The Ode: Pondering Praise in a Cynical Age

Image by Javier Armendariz via stock.xchng
Image by Javier Armendariz via stock.xchng

These days it is too easy to distrust the ode. This emotion-filled poetic form celebrating everything from a sporting event to a vase practically begs for satire. I am picturing something along the lines of Homer Simpson in a toga reciting Ode to a Jelly Donut, beams of light streaming down from above, and a Greek chorus – arms linked – singing the responsive antistrophe.

But that would be too easy, wouldn’t it, to make fun of a thing I don’t fully understand? I would rather not give in to cynicism. I would rather continue the quest I began two years ago, my “attempt to engage with the Greats, those ‘others’ whom I have sadly neglected – or simply peripherally enjoyed.” That attempt has taken on a number of forms over the past two years, with a focus on specific poets and their poetry.

This year, the Muses have agreed to play along with yet another iteration of this poetic dialog. Each month will be dedicated to the exploration of a particular poetic form. And so, this being January – a month when we tend to celebrate and laud and become resolute in our idealism – I thought it appropriate to train our sites on one of the most idealistic of poetic forms, the ode.

I also invite you, Reader, to share your thoughts on the subject in the comments section. Join us in this journey to discover more about this poetic form. If you have written your own Ode to a Jelly Donut (or chocolate cruller) you’d like to share here, please, by all means, do. If there is a thing or person or event that you think should be celebrated in an ode, issue the challenge here. And if you wish to respond to such a challenge… yes, this is the place.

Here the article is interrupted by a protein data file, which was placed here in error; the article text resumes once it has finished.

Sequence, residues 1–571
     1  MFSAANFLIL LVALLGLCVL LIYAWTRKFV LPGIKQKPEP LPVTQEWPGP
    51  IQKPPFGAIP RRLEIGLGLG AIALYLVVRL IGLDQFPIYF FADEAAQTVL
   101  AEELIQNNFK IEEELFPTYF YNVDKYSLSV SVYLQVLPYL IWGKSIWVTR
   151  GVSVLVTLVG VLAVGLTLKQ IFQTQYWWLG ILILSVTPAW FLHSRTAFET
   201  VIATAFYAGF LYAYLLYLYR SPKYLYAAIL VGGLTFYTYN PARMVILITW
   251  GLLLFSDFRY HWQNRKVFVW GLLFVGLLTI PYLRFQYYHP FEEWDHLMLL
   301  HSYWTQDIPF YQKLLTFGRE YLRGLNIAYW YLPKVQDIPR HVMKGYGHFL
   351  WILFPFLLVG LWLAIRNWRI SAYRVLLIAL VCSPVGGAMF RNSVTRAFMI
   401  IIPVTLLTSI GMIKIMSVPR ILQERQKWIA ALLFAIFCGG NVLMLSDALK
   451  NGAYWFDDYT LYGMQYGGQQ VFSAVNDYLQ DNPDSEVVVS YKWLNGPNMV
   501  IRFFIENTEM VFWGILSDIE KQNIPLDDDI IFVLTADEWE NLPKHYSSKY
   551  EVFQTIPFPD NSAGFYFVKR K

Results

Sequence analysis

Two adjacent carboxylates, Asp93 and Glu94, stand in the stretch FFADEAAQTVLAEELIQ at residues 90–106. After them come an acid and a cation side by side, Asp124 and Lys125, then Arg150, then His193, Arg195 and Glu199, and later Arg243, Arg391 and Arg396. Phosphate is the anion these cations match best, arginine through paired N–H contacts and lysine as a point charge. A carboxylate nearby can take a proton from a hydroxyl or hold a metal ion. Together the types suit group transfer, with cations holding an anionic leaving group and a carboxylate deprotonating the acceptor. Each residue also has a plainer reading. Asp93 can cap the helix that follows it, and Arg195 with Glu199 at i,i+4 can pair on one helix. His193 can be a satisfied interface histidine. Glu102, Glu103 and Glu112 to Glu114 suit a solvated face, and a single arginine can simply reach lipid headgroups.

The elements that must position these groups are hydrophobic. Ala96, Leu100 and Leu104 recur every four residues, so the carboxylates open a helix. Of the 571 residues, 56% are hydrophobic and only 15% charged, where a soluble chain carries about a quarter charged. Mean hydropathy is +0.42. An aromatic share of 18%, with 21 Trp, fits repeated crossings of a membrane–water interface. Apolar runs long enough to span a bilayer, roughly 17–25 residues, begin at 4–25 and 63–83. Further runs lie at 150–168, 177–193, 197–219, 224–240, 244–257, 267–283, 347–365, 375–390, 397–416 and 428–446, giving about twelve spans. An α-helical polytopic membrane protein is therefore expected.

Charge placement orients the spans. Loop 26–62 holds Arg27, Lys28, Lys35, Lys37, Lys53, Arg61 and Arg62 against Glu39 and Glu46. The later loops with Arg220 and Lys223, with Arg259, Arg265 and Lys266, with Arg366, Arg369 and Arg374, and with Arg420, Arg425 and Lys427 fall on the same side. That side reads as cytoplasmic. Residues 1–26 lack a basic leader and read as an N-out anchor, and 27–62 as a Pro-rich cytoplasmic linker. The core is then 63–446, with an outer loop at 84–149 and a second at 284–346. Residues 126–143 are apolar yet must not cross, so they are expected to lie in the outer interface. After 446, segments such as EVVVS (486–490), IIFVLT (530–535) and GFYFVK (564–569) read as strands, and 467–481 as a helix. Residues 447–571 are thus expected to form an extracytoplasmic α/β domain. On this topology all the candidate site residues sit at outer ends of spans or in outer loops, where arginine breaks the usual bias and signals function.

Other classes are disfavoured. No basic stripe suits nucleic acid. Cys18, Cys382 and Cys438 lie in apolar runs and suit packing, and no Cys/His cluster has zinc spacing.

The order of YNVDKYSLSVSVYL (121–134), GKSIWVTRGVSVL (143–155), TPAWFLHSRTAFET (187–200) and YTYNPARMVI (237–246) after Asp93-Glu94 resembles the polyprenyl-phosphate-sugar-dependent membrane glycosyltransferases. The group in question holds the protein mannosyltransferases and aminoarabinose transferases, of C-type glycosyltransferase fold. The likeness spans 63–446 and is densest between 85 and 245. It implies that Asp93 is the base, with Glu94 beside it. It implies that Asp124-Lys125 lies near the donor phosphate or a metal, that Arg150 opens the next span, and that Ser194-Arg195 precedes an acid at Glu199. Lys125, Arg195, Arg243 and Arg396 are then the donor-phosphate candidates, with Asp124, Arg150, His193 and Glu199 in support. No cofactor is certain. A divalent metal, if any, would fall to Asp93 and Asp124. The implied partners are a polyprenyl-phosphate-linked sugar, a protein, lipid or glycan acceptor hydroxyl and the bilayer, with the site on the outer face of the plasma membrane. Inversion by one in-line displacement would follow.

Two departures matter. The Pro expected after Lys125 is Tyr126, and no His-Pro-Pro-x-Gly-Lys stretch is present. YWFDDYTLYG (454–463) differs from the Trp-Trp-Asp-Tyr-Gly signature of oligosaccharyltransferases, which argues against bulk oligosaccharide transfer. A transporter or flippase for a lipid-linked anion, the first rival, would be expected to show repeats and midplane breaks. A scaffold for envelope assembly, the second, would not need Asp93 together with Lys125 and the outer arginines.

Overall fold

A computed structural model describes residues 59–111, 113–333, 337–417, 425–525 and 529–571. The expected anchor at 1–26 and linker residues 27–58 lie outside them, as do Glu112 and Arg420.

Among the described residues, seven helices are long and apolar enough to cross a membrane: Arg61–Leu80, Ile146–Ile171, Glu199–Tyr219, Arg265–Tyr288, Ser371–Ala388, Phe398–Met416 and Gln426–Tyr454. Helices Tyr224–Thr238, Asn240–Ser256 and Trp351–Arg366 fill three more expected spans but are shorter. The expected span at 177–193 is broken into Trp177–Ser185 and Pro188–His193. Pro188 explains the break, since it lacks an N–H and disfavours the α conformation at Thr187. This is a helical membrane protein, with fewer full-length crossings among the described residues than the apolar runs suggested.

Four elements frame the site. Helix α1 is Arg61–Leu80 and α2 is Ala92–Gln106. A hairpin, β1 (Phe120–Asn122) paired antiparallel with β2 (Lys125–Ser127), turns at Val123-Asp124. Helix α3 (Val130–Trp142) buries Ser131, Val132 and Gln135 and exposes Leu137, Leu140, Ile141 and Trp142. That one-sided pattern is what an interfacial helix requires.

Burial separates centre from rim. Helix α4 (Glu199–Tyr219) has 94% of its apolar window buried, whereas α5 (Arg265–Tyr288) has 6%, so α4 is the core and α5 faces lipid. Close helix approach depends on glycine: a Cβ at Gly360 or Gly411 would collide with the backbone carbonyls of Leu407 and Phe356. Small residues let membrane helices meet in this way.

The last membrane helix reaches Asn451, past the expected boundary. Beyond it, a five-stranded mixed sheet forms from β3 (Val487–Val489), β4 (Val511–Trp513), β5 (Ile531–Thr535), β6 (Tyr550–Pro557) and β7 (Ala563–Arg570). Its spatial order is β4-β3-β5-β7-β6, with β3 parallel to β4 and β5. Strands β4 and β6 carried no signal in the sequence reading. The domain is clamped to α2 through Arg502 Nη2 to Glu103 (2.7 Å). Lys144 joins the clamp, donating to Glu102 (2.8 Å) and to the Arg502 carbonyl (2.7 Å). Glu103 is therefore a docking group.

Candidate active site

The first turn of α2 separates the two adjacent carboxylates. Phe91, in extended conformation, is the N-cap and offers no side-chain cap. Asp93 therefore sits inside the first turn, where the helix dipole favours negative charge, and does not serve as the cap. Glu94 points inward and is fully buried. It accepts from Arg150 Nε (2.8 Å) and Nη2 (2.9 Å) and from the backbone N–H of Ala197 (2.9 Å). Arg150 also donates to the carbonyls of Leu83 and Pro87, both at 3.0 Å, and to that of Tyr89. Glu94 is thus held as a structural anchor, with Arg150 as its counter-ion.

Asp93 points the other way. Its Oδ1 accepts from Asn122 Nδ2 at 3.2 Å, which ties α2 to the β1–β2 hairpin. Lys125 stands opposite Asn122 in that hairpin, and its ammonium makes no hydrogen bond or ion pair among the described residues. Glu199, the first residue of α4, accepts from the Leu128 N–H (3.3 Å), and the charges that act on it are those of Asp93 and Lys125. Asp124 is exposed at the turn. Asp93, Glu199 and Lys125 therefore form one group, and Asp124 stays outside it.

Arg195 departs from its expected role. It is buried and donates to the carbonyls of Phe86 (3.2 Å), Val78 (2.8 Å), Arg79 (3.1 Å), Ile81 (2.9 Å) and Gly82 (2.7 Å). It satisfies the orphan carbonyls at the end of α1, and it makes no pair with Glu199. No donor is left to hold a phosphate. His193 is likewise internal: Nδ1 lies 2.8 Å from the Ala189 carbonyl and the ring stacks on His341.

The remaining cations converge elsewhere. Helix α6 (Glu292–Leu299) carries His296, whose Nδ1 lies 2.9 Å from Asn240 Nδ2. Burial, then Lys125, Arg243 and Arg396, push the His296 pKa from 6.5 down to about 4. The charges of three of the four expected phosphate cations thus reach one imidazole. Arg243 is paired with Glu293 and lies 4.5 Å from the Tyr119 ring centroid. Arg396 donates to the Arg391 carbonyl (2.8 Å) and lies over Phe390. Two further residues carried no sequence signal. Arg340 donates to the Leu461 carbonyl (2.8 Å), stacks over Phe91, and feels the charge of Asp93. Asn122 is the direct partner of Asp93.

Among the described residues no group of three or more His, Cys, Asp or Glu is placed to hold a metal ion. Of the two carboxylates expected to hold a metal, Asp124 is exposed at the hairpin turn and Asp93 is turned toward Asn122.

While I make a bit of fun, I do believe what may be best about the ode is that it reminds us to think about excellent things, things worthy of praise.

And that is no jelly donut.

“Finally, brothers and sisters, whatever is true, whatever is noble, whatever is right, whatever is pure, whatever is lovely, whatever is admirable—if anything is excellent or praiseworthy—think about such things.” – Philippians 4:8 

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5 thoughts on “The Ode: Pondering Praise in a Cynical Age

  1. Bethany says:

    Yay! I absolutely love this optimistic endeavor. I could use more ponderings on the noble and the lovely. And what a great stragtegy to be exploring a new poetic form each month. I’m thinking about this challenge of writing or submitting an idea for an ode. I’ll be thinking…

  2. Bethany says:

    Now I want to get my hands on some good odes to read. What would you say are maybe three that you keep coming back to or enjoy most?

    1. Kelly Belmonte says:

      Bethany, I saw your challenge to write an ode on balance (on FB). That’s a good one! Any takers? Regarding odes I come back to, John Keats’s Ode on Melancholy is one. I’m not sure if Pied Beauty (G.M. Hopkins) is considered an Ode, but it is a celebration (of dappled things) that I come back to often. Anyone else have go-to odes for Bethany?

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